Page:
The Cultural Diversity Network at Royal Holloway was launched in 2016 to address the needs, priorities and concerns of both academic and professional members of staff at the College from diverse non-White ethnic groups.
We are here to create a community for all staff, where we can connect with each other and feel a sense of belonging. The purpose of the Network is to provide a safe, supportive and confidential forum for sharing experiences, networking and discussing identified issues that affect members of staff from groups across the College. We also intends to promote the interests of diverse staff, raise awareness about equality and inclusion, and make recommendations to Senior Leadership on policies and practices. Through sharing our experiences, we want to bring new perspectives and fresh ideas that helps drive change to ensure that Royal Holloway is welcoming to all.
We organise events, invite speakers, gather socially...and much more. You can access the Network's terms of reference here.
The network has created a forum on MS Teams in order to provide a space to share challenges they are facing during this time of lockdown, support each other by sharing ideas and good practice and ensure that issues identified are communicated to the College. If you would like to join this forum, please email email@example.com requesting to become a member of the Cultural Diversity Network Forum (as this forum is private and can only be viewed by invitation).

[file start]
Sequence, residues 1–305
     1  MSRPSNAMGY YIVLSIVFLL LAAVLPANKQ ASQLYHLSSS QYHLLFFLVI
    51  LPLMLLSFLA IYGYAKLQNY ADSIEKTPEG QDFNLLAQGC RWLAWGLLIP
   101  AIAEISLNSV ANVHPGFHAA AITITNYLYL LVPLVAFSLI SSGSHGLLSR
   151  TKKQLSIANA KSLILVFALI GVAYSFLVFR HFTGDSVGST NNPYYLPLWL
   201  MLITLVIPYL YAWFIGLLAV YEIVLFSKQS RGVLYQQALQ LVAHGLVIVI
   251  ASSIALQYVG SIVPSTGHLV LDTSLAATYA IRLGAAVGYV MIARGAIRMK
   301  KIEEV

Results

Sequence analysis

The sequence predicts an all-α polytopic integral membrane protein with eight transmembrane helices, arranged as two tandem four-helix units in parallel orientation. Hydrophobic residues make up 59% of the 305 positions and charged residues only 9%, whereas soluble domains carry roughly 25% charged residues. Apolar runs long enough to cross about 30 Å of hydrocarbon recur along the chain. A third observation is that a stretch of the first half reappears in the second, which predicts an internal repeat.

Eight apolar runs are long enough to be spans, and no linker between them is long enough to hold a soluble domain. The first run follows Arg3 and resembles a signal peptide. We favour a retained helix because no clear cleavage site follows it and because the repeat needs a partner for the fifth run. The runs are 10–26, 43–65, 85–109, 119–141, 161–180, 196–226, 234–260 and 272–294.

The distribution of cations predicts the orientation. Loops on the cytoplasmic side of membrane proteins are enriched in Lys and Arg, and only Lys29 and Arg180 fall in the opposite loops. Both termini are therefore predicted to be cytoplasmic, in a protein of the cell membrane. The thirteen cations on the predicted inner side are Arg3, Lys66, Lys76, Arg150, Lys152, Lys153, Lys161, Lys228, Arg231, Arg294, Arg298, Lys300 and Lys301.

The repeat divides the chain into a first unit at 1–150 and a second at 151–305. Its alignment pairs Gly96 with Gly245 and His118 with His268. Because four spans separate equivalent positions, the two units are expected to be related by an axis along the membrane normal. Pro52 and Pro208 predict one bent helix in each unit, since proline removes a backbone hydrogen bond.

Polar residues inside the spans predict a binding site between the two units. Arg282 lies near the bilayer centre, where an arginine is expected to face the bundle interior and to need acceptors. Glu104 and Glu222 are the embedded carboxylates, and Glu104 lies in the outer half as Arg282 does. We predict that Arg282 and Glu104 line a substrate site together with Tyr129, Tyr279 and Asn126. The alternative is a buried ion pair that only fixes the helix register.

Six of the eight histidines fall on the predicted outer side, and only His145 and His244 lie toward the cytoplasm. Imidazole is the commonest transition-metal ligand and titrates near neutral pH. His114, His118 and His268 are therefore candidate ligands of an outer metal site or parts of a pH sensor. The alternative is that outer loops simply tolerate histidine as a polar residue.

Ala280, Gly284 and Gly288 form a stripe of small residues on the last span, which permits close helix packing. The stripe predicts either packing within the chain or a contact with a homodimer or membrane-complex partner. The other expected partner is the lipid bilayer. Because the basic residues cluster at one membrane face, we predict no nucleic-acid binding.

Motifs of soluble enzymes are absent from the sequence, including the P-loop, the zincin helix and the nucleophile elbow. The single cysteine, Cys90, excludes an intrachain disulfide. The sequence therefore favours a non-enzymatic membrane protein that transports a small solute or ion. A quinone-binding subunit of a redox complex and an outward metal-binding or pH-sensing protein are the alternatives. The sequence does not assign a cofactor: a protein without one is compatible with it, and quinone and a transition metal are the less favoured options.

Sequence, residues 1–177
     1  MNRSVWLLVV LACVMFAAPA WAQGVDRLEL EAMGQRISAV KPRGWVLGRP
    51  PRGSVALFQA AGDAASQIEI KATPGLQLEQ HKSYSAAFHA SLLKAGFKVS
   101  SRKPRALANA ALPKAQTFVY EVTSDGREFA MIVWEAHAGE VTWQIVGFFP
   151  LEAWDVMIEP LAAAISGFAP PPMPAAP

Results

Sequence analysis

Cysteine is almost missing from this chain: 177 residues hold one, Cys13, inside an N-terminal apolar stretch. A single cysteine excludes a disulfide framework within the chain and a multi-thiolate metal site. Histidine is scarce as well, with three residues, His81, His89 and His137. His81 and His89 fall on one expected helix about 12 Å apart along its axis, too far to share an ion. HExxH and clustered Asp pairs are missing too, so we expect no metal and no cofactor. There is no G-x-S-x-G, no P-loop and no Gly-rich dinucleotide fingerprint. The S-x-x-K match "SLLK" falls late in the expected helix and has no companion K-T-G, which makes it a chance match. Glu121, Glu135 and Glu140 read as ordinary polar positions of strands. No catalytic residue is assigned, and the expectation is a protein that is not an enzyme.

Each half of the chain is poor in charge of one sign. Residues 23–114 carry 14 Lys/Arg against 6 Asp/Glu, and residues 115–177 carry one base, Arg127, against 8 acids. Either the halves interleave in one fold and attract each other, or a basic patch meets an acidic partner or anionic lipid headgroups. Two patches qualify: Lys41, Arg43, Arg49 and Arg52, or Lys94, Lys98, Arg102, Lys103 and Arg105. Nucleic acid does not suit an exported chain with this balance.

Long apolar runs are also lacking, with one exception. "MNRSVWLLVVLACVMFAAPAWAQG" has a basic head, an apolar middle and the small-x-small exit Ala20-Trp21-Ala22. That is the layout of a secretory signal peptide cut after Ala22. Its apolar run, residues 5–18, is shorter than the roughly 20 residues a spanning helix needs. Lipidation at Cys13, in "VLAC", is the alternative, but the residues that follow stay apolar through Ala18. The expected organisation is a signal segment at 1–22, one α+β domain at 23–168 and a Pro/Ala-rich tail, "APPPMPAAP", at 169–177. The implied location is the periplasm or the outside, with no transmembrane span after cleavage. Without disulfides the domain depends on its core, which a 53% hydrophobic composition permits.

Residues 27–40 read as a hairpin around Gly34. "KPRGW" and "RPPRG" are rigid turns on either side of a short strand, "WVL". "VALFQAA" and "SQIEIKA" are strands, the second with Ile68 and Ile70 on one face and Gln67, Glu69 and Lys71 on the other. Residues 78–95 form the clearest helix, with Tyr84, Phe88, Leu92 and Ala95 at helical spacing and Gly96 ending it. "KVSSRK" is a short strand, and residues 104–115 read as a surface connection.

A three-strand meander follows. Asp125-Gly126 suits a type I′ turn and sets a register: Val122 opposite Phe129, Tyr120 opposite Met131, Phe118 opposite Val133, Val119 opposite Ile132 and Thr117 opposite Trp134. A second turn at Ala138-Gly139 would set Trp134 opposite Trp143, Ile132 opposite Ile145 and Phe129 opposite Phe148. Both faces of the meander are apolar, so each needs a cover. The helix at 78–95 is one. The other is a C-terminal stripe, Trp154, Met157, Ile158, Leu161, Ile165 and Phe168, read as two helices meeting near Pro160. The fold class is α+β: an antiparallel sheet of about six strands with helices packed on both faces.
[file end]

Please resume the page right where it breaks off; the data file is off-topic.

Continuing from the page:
New initiative - read about the Sarah Parker Remond Studentship in the Department of Psychology.
Upcoming event - "Gospel and Jazz Communities in Britain" (click to join): a talk by Black scholar-gospel artist Alexander Douglas, as part of the Royal Hollway 'Introduction To Jazz' options module (Wednesday, November the 18th, 11 - 1 pm).
"In this session we will consider the specific and formative experiences of one jazz musician came of age in terms of both identity and music as part of both the jazz and gospel music communities – only to discover that the industry forces people to make decisions that defy ethics, leaving people artists in a desperate situation to maintain an income without losing their identity. The specificities of jazz in the UK will be explored in some detail, and philosophical aesthetics will be presented as more than a mere ‘academic enterprise’ but as a means by which this artist has become an academic and now also an activist."
"Alexander Douglas an interdisciplinary and portfolio researcher working across philosophy, music, mental health, anthropology and theology. An award-winning jazz musician, he has played bass clarinet in the Julian Joseph Big Band, toured with Pinise Saul and the South African Gospel Singers on piano, directed an all-star klezmer band including Ayanna on 'cello and Arun Ghosh on clarinet and played a live version of John Coltrane's A Love Supreme at the 2016 Manchester Jazz Festival with Gary Crosby, Rod Youngs and Nathaniel Facey. His Bach-and-spirituals solo piano project A Sacred Journey was premiered at the 2019 Three Choirs Festival and he is also Artistic Director of the Huddersfield Bach Collegium. He is currently working (slowly!) on a new phenomenology of music, language and mental health."